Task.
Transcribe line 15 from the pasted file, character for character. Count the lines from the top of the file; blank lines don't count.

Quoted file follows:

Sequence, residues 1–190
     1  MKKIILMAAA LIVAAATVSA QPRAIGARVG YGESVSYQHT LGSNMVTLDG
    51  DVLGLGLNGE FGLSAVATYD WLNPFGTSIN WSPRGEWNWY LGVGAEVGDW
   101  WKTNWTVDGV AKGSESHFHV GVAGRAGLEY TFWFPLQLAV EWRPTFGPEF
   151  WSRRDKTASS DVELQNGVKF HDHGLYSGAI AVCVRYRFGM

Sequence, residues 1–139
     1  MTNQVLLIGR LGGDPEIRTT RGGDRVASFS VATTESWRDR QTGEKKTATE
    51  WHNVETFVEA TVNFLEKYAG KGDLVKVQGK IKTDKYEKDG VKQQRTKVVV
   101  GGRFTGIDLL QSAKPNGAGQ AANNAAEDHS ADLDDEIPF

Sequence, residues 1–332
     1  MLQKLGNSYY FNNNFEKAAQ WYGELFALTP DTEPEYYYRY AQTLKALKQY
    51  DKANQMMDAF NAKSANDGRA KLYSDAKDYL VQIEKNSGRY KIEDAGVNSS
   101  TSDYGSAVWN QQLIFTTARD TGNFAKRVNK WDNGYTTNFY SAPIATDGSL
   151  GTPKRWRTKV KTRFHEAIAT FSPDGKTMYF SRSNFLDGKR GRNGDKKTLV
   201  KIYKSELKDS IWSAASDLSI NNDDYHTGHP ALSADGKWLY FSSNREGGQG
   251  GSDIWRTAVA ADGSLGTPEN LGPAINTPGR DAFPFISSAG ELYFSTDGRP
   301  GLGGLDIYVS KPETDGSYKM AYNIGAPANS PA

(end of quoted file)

   201  KIYKSELKDS IWSAASDLSI NNDDYHTGHP ALSADGKWLY FSSNREGGQG